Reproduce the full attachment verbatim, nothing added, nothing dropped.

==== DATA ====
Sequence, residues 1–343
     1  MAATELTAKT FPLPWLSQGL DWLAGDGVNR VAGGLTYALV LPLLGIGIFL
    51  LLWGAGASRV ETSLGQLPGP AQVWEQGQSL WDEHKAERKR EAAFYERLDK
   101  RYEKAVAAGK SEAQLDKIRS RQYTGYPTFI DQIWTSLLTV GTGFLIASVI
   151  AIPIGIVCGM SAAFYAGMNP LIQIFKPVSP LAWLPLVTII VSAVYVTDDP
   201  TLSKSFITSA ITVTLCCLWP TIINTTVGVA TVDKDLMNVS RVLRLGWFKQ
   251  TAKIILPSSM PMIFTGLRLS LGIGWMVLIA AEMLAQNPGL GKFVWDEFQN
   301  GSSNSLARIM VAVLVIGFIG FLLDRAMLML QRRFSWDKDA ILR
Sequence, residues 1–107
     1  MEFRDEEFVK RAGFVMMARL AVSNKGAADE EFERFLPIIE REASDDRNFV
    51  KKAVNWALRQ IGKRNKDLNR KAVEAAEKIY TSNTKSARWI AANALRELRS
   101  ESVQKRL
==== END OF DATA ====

Sequence, residues 1–343
     1  MAATELTAKT FPLPWLSQGL DWLAGDGVNR VAGGLTYALV LPLLGIGIFL
    51  LLWGAGASRV ETSLGQLPGP AQVWEQGQSL WDEHKAERKR EAAFYERLDK
   101  RYEKAVAAGK SEAQLDKIRS RQYTGYPTFI DQIWTSLLTV GTGFLIASVI
   151  AIPIGIVCGM SAAFYAGMNP LIQIFKPVSP LAWLPLVTII VSAVYVTDDP
   201  TLSKSFITSA ITVTLCCLWP TIINTTVGVA TVDKDLMNVS RVLRLGWFKQ
   251  TAKIILPSSM PMIFTGLRLS LGIGWMVLIA AEMLAQNPGL GKFVWDEFQN
   301  GSSNSLARIM VAVLVIGFIG FLLDRAMLML QRRFSWDKDA ILR
Sequence, residues 1–107
     1  MEFRDEEFVK RAGFVMMARL AVSNKGAADE EFERFLPIIE REASDDRNFV
    51  KKAVNWALRQ IGKRNKDLNR KAVEAAEKIY TSNTKSARWI AANALRELRS
   101  ESVQKRL